University of Michigan President Mark Schlissel. Image via the University of Michigan.

The University of Michigan is withholding some emails its president sent regarding President Donald Trump, claiming their content is protected under the Freedom of Information Act. The university, which took 106 days to respond to the open records request, claimed the content in those emails were “preliminary and advisory in nature.”

The Mackinac Center for Public Policy announced last Thursday that it is suing the university over a monthslong delay in completing its request for public information.

Though the university deposited a good-faith check from the Mackinac Center on Dec. 21, 2016, the Center didn’t receive the information until March 2. (FOIA law allows public institutions to charge fees for complying with open-records requests.)

At that time, the university released four emails from its president, Mark Schlissel, but said that other emails were exempt from the law’s requirements.

“Given the exemptions they claim, we have concern that the four emails provided are just the tip of the iceberg,” said Mackinac Center Legal Foundation Director Patrick J. Wright.

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Michigan Capitol Confidential reported in early February that the Mackinac Center filed a FOIA request with the university on Nov. 16, 2016, asking for Schlissel’s emails containing the word “Trump.”

The request was filed after Schlissel made anti-Trump remarks at an on-campus protest on Nov. 9, the day after the election.

The Mackinac Center received the documents on March 2, 2017 — the day it filed the lawsuit and 106 days after it first filed its request.

“On the eve of Sunshine Week, when transparency in government is celebrated and promoted, this situation with U of M shows that we have a long way to go in educating public officials about accountability to the citizens they serve,” said Lisa McGraw, public affairs manager for the Michigan Press Association.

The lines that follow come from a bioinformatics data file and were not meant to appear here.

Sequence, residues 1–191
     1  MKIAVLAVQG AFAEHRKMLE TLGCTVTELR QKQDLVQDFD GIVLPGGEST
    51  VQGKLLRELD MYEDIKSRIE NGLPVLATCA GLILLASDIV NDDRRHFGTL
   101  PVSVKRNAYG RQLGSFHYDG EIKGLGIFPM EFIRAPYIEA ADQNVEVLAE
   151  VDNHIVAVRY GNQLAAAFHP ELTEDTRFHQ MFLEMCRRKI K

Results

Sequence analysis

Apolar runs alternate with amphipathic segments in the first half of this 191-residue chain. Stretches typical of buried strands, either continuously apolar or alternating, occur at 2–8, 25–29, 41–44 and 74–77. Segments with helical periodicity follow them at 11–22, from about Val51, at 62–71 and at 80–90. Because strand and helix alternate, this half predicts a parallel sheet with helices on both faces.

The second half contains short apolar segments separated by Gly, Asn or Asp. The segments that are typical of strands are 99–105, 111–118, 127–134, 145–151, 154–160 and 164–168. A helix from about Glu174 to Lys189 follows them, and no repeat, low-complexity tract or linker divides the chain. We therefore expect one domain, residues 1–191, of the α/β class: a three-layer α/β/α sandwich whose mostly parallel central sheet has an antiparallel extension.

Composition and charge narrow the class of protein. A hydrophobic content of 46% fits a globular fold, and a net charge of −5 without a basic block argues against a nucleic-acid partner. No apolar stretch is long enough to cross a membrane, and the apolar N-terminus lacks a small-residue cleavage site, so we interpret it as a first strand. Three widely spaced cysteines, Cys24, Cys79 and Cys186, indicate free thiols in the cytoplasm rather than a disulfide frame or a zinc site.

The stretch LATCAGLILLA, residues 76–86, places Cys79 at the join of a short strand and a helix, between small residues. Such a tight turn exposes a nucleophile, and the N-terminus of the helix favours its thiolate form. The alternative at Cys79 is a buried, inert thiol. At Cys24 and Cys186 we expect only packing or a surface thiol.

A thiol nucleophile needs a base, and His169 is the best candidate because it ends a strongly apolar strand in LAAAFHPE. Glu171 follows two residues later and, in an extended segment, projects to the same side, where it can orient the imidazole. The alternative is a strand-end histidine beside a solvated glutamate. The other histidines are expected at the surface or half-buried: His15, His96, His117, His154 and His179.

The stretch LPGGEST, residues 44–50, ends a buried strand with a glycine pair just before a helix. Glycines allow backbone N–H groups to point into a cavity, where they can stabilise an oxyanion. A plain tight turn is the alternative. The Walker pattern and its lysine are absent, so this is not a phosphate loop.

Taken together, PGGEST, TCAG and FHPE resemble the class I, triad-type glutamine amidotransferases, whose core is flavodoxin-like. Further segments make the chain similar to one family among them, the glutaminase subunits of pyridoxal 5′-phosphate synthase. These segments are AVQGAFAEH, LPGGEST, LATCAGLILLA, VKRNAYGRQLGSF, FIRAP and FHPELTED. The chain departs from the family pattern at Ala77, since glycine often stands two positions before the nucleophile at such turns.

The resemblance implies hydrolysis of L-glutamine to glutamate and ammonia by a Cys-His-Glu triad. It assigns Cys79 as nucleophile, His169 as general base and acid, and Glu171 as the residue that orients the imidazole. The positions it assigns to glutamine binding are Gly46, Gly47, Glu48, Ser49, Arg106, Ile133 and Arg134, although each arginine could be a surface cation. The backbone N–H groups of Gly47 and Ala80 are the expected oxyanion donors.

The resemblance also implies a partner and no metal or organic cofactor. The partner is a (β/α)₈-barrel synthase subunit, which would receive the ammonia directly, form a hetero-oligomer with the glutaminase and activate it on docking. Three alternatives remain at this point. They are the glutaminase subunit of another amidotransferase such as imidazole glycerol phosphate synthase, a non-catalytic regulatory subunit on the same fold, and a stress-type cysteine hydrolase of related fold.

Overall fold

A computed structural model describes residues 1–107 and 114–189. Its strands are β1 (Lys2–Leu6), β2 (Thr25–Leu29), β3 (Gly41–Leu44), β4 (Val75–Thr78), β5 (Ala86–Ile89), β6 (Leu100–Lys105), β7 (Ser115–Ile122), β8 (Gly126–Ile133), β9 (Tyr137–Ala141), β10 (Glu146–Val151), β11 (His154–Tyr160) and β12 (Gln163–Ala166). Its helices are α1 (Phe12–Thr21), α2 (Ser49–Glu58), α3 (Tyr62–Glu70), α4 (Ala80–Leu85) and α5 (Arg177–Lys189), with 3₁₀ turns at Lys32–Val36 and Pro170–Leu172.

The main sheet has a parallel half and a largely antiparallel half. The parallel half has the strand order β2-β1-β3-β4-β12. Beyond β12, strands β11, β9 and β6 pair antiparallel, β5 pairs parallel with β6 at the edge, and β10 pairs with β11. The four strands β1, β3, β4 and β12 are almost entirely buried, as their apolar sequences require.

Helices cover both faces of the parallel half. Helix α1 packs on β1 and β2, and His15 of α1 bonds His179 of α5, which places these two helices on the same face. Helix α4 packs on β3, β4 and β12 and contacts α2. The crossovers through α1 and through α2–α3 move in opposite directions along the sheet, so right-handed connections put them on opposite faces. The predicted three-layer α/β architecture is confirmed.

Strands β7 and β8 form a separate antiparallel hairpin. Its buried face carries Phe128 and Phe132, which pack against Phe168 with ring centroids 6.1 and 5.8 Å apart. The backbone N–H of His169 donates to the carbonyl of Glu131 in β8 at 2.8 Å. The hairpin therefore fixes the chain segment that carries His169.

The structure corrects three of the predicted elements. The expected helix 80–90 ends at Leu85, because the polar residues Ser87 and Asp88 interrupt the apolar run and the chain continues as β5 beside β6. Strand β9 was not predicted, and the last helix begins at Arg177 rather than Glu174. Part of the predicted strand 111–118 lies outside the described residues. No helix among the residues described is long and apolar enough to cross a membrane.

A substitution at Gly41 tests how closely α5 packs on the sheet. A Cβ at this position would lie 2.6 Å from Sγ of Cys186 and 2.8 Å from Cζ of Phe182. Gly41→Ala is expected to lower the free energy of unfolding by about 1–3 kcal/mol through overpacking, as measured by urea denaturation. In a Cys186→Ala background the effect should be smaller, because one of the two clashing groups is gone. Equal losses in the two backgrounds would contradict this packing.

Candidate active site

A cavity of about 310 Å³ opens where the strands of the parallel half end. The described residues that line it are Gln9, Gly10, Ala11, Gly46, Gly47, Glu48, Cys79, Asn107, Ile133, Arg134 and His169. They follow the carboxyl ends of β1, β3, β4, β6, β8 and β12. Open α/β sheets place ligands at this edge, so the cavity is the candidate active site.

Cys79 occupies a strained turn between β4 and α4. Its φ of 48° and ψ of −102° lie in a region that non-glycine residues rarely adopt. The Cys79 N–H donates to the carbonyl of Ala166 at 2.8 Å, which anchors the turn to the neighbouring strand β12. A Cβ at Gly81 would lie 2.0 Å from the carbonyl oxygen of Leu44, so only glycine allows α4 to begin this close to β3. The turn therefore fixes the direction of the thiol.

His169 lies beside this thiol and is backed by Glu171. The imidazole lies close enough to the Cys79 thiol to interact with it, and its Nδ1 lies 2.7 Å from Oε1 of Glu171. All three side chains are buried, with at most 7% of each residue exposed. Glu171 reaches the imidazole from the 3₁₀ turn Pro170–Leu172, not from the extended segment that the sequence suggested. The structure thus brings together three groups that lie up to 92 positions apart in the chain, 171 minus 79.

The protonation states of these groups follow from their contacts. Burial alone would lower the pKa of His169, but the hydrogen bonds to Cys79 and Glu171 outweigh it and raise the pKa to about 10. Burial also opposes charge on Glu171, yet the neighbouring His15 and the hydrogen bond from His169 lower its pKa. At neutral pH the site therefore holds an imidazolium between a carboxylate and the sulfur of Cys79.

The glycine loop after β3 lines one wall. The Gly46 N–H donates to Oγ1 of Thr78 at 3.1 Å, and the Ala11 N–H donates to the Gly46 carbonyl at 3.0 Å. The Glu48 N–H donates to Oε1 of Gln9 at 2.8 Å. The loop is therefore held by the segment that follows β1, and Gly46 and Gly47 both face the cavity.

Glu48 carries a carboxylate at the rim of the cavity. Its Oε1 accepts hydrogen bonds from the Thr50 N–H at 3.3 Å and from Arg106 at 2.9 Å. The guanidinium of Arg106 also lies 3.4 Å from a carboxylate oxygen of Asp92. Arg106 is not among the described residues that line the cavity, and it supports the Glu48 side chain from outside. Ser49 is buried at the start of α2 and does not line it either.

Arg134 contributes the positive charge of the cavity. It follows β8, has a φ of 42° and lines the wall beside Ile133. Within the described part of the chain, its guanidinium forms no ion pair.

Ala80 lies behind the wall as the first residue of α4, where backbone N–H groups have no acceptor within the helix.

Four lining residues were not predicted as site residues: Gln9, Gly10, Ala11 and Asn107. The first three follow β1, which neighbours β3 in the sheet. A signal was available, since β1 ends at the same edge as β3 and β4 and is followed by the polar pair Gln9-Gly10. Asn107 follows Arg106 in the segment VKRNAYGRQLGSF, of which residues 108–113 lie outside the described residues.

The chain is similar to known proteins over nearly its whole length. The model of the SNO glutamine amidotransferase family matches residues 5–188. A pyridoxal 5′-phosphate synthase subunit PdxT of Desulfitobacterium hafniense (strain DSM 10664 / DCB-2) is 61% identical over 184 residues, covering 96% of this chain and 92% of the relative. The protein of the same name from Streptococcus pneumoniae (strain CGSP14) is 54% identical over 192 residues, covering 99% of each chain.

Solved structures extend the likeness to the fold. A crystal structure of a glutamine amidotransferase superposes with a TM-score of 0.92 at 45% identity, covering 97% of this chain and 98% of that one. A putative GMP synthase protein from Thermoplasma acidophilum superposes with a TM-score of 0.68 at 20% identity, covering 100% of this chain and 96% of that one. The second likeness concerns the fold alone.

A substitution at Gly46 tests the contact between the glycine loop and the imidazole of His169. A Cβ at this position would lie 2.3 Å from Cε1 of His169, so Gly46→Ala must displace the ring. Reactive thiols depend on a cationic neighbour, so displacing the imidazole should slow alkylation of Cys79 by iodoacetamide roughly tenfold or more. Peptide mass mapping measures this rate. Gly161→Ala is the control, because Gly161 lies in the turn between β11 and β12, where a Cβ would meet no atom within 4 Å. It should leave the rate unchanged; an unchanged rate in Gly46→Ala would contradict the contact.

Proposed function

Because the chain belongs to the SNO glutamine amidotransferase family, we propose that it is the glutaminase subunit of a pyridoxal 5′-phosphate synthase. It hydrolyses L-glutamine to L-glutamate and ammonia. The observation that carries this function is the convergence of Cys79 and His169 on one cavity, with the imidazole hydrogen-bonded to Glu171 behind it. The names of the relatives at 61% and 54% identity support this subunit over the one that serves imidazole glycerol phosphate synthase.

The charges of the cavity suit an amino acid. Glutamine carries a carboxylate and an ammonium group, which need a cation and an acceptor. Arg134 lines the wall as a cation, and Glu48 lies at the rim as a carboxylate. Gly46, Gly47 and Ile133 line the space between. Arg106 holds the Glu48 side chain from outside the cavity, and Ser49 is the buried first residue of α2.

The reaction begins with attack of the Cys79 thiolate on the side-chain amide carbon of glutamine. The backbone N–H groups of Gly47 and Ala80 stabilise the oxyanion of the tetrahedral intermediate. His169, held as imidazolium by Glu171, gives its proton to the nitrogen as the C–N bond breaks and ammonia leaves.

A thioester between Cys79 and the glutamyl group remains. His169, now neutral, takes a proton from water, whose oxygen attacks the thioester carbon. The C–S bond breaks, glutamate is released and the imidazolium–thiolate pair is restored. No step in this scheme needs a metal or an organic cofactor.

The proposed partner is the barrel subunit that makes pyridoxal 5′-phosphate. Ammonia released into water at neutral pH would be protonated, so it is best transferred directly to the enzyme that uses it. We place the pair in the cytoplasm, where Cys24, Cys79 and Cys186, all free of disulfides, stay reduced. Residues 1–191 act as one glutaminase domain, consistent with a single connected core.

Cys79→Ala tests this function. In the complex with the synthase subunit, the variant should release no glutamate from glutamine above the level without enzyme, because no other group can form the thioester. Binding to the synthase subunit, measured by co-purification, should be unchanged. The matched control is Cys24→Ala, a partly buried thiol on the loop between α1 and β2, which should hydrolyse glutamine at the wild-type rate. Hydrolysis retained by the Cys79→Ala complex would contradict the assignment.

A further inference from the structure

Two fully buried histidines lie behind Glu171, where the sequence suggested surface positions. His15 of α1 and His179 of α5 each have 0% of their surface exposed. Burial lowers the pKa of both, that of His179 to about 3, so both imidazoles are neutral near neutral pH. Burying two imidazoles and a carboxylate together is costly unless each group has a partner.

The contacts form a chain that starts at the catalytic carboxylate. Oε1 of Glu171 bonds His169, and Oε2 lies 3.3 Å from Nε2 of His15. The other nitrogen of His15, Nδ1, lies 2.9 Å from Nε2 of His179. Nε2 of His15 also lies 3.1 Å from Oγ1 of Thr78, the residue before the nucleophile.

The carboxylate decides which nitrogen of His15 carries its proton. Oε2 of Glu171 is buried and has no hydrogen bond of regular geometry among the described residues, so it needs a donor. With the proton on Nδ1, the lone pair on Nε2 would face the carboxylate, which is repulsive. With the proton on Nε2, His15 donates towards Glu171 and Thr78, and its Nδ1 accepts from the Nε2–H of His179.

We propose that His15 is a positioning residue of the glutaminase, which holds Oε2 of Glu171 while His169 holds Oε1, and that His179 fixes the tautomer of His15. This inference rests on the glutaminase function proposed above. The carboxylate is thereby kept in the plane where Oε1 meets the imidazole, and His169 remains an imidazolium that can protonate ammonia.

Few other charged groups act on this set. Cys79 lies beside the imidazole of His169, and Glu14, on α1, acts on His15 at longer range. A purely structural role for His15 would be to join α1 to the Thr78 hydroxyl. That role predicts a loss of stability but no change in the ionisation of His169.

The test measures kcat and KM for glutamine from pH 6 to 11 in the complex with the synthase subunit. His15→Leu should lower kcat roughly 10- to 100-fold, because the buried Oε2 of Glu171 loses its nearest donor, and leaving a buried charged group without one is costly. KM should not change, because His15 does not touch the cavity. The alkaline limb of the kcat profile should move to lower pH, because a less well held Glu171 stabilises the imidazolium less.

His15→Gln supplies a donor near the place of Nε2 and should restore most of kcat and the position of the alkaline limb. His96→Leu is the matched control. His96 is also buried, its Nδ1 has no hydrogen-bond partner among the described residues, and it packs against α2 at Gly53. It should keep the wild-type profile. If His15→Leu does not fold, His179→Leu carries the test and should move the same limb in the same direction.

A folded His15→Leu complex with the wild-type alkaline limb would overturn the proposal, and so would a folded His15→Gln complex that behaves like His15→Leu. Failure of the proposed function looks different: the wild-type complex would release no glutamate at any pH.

The FOIA office made it clear some documents are being withheld.

“A small number of internal messages containing preliminary and advisory material have been withheld pursuant to Section 13 (1) (m) of the Act, which allows the University to refrain from disclosing certain communications and notes of an advisory nature,” read a Feb. 9 response from the university. “We believe that in this particular instance, public interest in encouraging frank communication between University employees outweighs the public interest in disclosure.”

At the postelection protest on campus, Schlissel implied that students who voted for Trump voted for hate.

“Your voices worked out to be a 90/10 decision in favor of the unsuccessful candidate yesterday,” Schlissel told those at the protest. “Ninety percent of you rejected the kind of hate and the fractiousness and the longing for some sort of idealized version of a nonexistent yesterday that was expressed during (Trump's) campaign.” (The Michigan Daily has published a video of Schlissel’s speech.)

John Mozena, Mackinac Center vice president for marketing and communications, said in a press release that the FOIA request was only made because of Schlissel’s public comments.

“In his professional role as head of a public university, President Schlissel took a very public stance against President-elect Trump and the people who elected him,” he said. “Our CapCon team was interested in learning more about the decision-making process that led to the actions taken by this public university and its employee, and filed the FOIA request accordingly.”

On Jan. 12, the university’s FOIA office said the records search would be completed in 14 days. After the 14 days had passed, the office said on Jan. 27 that the request would take another seven to 10 days to complete. The records were not received after that time.

On Feb. 9, the university said a payment of $72.15 was required to receive the FOIA results, which the Mackinac Center paid.

The FOIA cost $126 to complete for 2 ¾ hours of work, yet 106 days passed before the Mackinac Center received the results of its request.

Four emails from Schlissel to administrators or regents were found in the university’s search, in addition to messages that were not released.

The University of Michigan received the highest appropriation of any institution of higher education in the state, with nearly $309 million in state funds in fiscal year 2016-17.


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